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ACHCHI KANNTJ v. AGO APPU.P. C., Ratnapura, 20,026.
False evidence—Summary punishment—Criminal Procedure Code, s. 44d*
Per Moncbbiff, J.—Section 440 of the Criminal Procedure Codewas not meant to be used in cases of confliot of evidence merely, butin cases where the falsity of the evidence of a witness appears fromsomething which has taken place in the course of the trial. .
It is irregular to exercise the powers conferred by this section wherethe knowledge and proof of the alleged false evidence is obtained fromsome source exterior to the case in which the evidence was given.
N the course of the trial of this case, one of the witnessesdeposed as follows:—“ I did not tell the police sergeant
“ that I had seen the complainant go to the accused’s boutique;”and another witness, in the course of his evidence, deposed:—“ I“ did not tell the sergeant I saw her go inside the accused's“ boutique, or that she took rice from there. I am quite sure“ I did not say so.” These statements were not called in questionby any evidence given during the trial, nor were they conflictingwith anything that had been said by the two witnesses. But afterjudgment pronounced, the Police Magistrate called the policesergeant, who contradicted the statements which the two witnesseshad made in the course of their evidence, by speaking to otherstatements made by them out of Court-. Thereupon the PoliceMagistrate ordered the first appellant to pay a fine of Rs. 25, or indefault to be imprisoned for a month, and he inflicted a similarsentence upon the second appellant.
Bawa, for appellants.—The two appellants were witnessesconvicted under section 440 of the Procedure Code. The punish-ment for the offence of perjury is under section 190, and in theschedule of the Criminal Procedure Code it is enacted that onlya District Judge shall try summarily under section 190. In thepresent case there is no perjury. Perjury implies absolutely falsestatement, but there is no proof here that the statements allegedwere really false. The Magistrate has held a summary inquiry for anon-summarv offence and convicted the appellants, purporting toact under section 440. The Magistrate was functus officio, so tospeak, as soon as he had convicted the accused in the case, and upto that point he had no reason to think that these-, witnesses hadspoken untruths. He had no right to begin a trial after the con-viction of the original accused. He, might begin a separate npn-summary inquiry. The perjury is not patent as it ought to be.It requires the evidence of the sergeant to show it; the appellants10-,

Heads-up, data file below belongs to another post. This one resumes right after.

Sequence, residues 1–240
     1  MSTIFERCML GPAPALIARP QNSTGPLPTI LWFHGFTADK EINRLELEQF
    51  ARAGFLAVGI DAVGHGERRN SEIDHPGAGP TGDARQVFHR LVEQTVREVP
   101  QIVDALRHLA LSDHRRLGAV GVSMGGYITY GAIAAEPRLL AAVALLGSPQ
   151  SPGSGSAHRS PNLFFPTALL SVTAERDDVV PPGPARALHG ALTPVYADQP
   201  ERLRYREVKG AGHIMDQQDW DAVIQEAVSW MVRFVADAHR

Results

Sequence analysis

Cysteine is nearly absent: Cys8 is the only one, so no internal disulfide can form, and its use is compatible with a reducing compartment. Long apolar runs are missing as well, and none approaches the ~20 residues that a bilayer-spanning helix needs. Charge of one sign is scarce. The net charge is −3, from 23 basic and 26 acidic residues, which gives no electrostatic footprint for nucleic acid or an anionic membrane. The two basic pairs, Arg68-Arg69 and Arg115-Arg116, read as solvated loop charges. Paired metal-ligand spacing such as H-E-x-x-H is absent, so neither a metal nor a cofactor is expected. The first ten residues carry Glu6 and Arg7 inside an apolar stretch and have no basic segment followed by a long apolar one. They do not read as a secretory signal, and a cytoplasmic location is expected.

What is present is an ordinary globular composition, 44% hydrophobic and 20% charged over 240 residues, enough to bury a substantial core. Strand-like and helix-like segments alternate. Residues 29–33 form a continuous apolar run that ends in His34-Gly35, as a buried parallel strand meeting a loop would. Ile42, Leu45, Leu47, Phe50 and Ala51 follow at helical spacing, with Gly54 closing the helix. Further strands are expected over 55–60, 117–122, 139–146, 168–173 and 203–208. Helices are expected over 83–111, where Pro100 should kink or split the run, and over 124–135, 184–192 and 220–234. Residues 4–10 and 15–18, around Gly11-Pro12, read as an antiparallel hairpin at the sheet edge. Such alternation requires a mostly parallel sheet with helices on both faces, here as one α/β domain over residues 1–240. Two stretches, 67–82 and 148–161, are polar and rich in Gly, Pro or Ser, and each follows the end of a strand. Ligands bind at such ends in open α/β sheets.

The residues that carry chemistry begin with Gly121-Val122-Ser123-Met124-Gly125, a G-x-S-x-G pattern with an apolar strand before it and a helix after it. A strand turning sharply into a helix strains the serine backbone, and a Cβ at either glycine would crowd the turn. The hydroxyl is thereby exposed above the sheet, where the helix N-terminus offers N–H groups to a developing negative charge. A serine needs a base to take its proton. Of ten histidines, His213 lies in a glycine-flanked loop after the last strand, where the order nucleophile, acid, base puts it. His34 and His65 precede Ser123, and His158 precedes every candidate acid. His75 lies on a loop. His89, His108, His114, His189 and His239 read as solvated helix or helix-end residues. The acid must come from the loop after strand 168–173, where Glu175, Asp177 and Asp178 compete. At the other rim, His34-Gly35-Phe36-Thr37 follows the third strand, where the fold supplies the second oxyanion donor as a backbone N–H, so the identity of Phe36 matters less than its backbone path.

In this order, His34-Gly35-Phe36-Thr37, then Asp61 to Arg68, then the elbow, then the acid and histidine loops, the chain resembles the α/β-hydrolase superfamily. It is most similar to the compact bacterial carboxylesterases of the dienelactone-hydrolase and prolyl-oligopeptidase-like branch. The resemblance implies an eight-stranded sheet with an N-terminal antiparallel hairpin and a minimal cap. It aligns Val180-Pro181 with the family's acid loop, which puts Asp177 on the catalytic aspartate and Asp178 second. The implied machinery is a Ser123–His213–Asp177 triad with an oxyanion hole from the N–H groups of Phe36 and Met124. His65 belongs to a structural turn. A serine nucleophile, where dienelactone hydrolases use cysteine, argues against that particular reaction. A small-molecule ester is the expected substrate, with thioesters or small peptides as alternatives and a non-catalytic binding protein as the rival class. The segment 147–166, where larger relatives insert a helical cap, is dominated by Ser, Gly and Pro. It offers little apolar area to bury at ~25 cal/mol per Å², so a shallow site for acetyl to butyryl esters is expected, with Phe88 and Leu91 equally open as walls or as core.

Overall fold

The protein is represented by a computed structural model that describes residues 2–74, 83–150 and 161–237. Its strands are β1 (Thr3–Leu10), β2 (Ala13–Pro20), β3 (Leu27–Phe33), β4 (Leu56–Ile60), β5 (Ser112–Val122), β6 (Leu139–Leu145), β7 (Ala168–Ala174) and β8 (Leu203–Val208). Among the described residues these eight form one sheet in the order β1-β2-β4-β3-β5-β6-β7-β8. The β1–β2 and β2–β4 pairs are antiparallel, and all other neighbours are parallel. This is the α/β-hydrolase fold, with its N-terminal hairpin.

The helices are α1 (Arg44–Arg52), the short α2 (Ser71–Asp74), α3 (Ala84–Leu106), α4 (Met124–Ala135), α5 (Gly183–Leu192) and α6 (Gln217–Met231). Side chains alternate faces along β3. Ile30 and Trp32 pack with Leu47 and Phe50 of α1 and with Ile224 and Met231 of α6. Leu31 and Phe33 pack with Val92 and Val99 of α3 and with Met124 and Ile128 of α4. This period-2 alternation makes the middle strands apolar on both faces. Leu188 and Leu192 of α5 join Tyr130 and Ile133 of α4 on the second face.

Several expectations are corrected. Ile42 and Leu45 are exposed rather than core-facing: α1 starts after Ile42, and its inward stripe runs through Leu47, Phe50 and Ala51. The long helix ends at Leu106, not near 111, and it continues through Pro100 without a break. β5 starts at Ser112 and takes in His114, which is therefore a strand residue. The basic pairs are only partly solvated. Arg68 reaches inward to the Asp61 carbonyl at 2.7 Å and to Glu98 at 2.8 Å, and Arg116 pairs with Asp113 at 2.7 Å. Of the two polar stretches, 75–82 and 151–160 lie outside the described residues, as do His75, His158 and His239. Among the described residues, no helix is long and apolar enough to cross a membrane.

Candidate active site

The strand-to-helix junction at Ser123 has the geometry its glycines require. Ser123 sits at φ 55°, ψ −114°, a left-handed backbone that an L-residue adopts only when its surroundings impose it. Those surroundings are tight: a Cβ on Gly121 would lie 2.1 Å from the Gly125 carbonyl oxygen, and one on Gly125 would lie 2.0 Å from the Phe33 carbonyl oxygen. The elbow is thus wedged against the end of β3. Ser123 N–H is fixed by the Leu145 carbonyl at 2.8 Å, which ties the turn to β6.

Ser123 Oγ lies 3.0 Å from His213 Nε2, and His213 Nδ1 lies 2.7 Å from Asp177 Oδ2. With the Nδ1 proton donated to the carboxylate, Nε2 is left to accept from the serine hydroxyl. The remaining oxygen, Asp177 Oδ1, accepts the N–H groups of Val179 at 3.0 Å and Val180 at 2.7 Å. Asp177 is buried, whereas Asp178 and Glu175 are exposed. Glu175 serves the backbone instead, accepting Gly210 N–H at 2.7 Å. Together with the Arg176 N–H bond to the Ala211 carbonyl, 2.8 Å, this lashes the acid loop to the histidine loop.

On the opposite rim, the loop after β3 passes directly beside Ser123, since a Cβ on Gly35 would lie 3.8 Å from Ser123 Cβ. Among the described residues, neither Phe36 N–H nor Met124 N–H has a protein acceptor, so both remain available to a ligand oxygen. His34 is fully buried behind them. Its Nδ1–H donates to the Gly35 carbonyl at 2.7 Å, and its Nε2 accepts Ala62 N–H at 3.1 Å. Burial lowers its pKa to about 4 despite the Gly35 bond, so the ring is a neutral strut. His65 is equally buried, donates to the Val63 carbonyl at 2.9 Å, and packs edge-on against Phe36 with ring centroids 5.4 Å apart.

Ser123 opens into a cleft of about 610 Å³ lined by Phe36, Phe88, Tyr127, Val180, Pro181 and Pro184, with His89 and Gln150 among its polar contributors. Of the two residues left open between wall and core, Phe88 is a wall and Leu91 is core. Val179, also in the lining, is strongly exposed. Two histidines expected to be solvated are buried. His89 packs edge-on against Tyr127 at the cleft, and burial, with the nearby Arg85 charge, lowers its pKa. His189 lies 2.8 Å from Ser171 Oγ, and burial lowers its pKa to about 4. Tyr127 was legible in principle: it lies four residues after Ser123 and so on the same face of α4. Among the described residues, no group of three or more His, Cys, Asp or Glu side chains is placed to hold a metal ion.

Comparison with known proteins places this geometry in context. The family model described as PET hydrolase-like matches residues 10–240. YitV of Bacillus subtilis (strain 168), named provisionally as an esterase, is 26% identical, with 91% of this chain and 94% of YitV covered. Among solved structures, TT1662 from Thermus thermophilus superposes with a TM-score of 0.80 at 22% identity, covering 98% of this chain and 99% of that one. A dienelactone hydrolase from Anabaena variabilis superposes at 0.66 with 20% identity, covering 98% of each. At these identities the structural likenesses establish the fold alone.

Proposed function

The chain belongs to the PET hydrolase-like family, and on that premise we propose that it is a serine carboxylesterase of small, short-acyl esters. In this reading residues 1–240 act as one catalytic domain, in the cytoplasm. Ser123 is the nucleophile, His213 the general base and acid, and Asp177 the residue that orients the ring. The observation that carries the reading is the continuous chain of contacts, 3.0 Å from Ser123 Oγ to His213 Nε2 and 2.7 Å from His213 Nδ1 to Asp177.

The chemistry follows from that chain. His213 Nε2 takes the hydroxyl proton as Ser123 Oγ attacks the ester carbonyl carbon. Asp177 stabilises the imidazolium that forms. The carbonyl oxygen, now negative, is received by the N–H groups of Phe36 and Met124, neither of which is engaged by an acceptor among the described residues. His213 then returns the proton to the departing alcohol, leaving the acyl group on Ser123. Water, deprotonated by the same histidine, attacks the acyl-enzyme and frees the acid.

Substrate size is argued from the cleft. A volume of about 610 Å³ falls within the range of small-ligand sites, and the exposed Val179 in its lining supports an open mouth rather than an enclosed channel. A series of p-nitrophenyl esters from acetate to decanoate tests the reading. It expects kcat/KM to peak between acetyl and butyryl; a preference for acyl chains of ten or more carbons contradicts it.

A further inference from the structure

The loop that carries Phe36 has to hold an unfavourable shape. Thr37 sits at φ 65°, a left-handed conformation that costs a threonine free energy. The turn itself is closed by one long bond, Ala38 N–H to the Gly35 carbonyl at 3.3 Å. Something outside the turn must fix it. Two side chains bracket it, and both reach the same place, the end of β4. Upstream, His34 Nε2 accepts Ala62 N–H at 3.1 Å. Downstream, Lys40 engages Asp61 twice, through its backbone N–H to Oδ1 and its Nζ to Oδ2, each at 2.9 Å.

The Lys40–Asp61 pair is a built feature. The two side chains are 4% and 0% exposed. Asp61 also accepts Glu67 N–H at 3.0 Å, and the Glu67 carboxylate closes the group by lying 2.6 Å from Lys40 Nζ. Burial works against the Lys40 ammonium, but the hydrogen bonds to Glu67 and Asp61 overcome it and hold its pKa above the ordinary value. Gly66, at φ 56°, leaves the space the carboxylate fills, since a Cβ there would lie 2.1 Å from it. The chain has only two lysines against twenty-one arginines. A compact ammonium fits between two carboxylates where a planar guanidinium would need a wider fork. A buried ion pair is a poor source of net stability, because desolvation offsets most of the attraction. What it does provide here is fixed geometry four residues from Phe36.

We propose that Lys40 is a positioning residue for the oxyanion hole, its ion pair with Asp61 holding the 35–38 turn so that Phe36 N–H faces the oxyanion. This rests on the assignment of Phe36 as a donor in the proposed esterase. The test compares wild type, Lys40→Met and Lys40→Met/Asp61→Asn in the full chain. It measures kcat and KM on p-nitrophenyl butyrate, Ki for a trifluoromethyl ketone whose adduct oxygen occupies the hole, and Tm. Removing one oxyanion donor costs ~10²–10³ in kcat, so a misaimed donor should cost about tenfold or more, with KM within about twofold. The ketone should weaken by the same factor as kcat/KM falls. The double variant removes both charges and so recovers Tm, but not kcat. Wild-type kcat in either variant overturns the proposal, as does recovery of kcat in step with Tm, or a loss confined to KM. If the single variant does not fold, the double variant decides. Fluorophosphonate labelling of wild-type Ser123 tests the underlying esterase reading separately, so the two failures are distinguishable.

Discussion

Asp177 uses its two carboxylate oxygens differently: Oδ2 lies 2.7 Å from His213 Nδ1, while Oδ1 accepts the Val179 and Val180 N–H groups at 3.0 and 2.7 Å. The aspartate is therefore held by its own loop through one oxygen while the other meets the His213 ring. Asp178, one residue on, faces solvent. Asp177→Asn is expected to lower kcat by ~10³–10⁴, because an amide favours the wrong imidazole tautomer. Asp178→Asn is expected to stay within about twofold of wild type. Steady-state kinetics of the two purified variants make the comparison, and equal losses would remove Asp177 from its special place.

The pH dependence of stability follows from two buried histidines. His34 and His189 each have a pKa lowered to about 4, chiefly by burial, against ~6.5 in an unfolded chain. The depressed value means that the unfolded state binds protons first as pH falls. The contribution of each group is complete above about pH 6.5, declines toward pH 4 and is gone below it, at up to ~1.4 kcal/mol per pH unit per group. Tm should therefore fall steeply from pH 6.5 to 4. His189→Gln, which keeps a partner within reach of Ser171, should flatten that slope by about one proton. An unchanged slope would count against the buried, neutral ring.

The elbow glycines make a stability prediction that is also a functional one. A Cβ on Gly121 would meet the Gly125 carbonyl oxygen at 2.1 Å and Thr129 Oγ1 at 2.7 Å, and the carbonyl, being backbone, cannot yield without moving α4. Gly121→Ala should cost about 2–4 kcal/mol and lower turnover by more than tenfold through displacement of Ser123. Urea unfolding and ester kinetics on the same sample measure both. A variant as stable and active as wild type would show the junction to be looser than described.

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1001.could not be convicted without his evidence; therefore ex facie■
April 22. there was no false statement; he has no Jurisdiction under section440.. Even if he had jurisdiction, his proceedings are irregular,because the appellants were not informed before the sergeant wascalled of the nature of the proceedings, so as to be able to cross-examine the policeman, who referred to statements of the witnesses'not made on oath arid made out of Court. The accused, if put ontheir trial properly, could have shown that the previous statementwas immaterial as it was not sworn testimony, and that it was notintentionally false. The conviction of these witnesses is an abuseof section 440 (Andris v. Juanis, 2 N. L. R. 74, and Balthazarv. Baba Appu, 3 N. L. R. 63).
In my opinion, the materials upon which this matter wasbrought within the 440th section of the Criminal ProcedureCode were somewhat meagre. I am disposed to doubt whether itwas a case in which a witness should be punished for giving falseevidence under that section.
But there is another objection to the course taken by the PoliceMagistrate, and that is this. It was contended by Mr. Bawa, and Ithink with reason, that the falsity of a witness’ evidence shouldappear from something which has taken place in the course ofthe trial, and should not be prompted by some considerations,which had not been brought out in the course of the proceedings.
I agree with the learned counsel and with the decisions which hequoted, that this section was not meant to be used in cases where'we are confronted by a conflict of evidence; and I agree thatunless there is something in the conduct and testimony of wit-nesses, there is no ground for proceeding against them under this;section; for what the Police Magistrate has done is not to makeuse of section 440, but substantially to try the two appellants on a-charge of giving false evidence, knowledge and proof of whichwere obtained from some source exterior to the case with whichhe was dealing.
I am of opinion that this is a proceeding which does not fallwithin section 440, sub-section 1, of the Criminal Procedure Code.No doubt the suggestion made by Mr. Bawa is a very correct one,that the Magistrate might have availed himself of sub-section 4.Now, I am not aware that there is any other power inherent in theMagistrate by virture of. any other section enabling him to proceedagainst the appellants in the way in "which he did. Section 188of the Penal Code is a section which appears to me only availablein ..the District Court.,
I therefore think that this conviction must be set aside.
ACHCHI KANNU v. AGO APPU